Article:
When will Billy snap? Will Mandy ever realize that corn rows are not the way to go? What the hell is up with the name “Ytossie?” Though none of these questions were answered Saturday night, at least four parties on campus soughtto recreate the fascinating debauchery that is “Temptation Island.”
Where better to recreate this example of humanity at its worst than at TAP? Surprisingly, the Social Council did not come up with the Temptation Island theme first-the women’s hockey team would like to take credit for that. Danielle Williams ’03, who hosted the party, said that as soon as she sent out the invitation over email, at least three other groups on campus soon declared thereafter that they too would bring Belize and the Captain Morgan’s resort to Amherst-and why wouldn’t they?
Because of “Temptation Island,” students all over Amherst are gathering every Wednesday night at nine to witness the infidelities of three (down from four) couples. Like a horrible car wreck, the drama unfolds and all eyes are watching, but many viewers require a cleansing shower after viewing an hour of the repulsive yet somehow entertaining smut. Thank you, FOX, thank you very much.
That sanctimonious attitude is quite hypocritical, as the Temptation Island theme did not necessarily deviate from the goings on of a normal Saturday night.
But is that so surprising? “Temptation Island TAP? Why don’t they just call it Hook Up TAP? But I guess that would be redundant,” Dan
Teague ’03, cynically commented, So true.
Ask one student, and she’ll
tell you it’s soy sauce. Somebody else will insist that it’s molasses. Another has convinced himself that it’s beer brine. Dozens of explanations are floating around campus attempting to explain the brown, sticky, stinky and generally annoying substance that appears on the sidewalks every time a snowfall is in the forecast. But we should count our blessings. Without this annoying substance lacing the pavement, we would be spending much more time face-down in the snow during the blustery winter months.
The substance is ICE BAN, a trademarked product that is created organically and touted as effective, yet environmentally-friendly. It is also the concentrated liquid byproduct of agricultural goods, making it a cost-effective alternative to salt and other common snow removal techniques.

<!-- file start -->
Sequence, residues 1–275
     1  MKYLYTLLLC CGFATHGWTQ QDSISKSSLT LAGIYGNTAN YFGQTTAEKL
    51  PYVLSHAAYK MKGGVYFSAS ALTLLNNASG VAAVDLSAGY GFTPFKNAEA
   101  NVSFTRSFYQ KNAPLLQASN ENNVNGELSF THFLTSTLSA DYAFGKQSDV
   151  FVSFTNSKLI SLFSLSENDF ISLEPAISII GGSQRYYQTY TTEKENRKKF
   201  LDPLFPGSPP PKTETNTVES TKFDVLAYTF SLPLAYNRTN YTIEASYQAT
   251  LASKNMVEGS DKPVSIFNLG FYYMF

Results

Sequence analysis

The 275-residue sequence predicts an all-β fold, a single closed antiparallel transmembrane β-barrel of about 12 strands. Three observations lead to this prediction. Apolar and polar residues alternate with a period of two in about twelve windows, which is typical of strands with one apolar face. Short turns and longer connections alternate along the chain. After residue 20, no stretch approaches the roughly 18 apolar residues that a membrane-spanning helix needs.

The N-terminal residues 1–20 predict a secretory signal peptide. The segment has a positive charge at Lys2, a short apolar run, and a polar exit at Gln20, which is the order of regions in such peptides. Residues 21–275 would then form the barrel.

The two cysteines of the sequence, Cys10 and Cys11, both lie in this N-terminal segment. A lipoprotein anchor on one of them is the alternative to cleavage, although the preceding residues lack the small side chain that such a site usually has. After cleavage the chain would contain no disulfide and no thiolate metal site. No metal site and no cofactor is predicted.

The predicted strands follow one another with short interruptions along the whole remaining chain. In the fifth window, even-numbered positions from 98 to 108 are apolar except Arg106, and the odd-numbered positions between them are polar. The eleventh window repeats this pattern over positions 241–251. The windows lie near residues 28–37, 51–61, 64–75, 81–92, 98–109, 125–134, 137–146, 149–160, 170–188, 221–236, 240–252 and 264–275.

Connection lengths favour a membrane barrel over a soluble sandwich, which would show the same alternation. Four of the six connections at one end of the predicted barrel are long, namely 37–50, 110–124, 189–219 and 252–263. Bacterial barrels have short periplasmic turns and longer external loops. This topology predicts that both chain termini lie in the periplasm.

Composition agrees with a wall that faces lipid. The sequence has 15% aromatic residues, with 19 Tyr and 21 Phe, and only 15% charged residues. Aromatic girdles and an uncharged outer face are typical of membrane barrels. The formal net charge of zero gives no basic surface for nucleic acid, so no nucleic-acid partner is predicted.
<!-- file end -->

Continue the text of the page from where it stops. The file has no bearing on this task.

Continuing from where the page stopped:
According to a brochure supplied by the Physical Plant, ICE BAN can be used as either a deicing agent when mixed with liquid chloride brines and applied on top of existing snow, or as an anti-icing agent when spread on the ground before a storm hits. The substance forms a layer between the snow and the ground, creating an adhesive foundation which protects against corrosion.
Physical Plant Director James Brassord highly favors the product. “Because it is environmentally friendly and relatively inexpensive, ICE BAN is our preferred method of snow and ice treatment,” he said. Brassord added that Amherst was the first institution in Massachusetts to use the product, beginning approximately four years ago. Since then, many institutions in the Northeast are now following our lead, and ICE BAN is now one of the preferred methods of snow prevention in the nation.
For most students, ICE BAN’s presence on campus sidewalks is a slight annoyance, but anyone can appreciate its advantages over the alternatives.
“I find the smell offensive,” said Seth Bernard ’03. “But if it’s better for the environment than salt, then I guess I can’t really complain about it.”